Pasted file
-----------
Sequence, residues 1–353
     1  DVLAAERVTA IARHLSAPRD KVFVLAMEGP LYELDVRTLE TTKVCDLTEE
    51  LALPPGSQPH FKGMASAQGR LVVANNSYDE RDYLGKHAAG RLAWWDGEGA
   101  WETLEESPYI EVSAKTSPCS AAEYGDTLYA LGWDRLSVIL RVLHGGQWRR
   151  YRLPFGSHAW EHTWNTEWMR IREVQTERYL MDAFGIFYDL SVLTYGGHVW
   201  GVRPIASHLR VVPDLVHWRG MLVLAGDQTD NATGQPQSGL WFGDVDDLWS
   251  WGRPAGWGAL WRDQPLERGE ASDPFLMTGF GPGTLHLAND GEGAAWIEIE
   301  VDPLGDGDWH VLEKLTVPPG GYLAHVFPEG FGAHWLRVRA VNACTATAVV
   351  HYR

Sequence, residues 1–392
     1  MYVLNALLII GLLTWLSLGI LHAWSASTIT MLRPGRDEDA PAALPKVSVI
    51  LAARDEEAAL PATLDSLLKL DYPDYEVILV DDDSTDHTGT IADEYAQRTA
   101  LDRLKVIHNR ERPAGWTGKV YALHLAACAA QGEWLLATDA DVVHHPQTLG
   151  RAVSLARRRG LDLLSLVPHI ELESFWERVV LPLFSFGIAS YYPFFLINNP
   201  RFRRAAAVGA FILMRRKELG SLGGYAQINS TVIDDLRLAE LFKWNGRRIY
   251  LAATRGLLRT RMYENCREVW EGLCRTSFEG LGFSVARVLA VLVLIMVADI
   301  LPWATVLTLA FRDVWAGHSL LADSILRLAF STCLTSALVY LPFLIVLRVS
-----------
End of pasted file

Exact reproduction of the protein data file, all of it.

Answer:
Sequence, residues 1–353
     1  DVLAAERVTA IARHLSAPRD KVFVLAMEGP LYELDVRTLE TTKVCDLTEE
    51  LALPPGSQPH FKGMASAQGR LVVANNSYDE RDYLGKHAAG RLAWWDGEGA
   101  WETLEESPYI EVSAKTSPCS AAEYGDTLYA LGWDRLSVIL RVLHGGQWRR
   151  YRLPFGSHAW EHTWNTEWMR IREVQTERYL MDAFGIFYDL SVLTYGGHVW
   201  GVRPIASHLR VVPDLVHWRG MLVLAGDQTD NATGQPQSGL WFGDVDDLWS
   251  WGRPAGWGAL WRDQPLERGE ASDPFLMTGF GPGTLHLAND GEGAAWIEIE
   301  VDPLGDGDWH VLEKLTVPPG GYLAHVFPEG FGAHWLRVRA VNACTATAVV
   351  HYR

Sequence, residues 1–392
     1  MYVLNALLII GLLTWLSLGI LHAWSASTIT MLRPGRDEDA PAALPKVSVI
    51  LAARDEEAAL PATLDSLLKL DYPDYEVILV DDDSTDHTGT IADEYAQRTA
   101  LDRLKVIHNR ERPAGWTGKV YALHLAACAA QGEWLLATDA DVVHHPQTLG
   151  RAVSLARRRG LDLLSLVPHI ELESFWERVV LPLFSFGIAS YYPFFLINNP
   201  RFRRAAAVGA FILMRRKELG SLGGYAQINS TVIDDLRLAE LFKWNGRRIY
   251  LAATRGLLRT RMYENCREVW EGLCRTSFEG LGFSVARVLA VLVLIMVADI
   301  LPWATVLTLA FRDVWAGHSL LADSILRLAF STCLTSALVY LPFLIVLRVS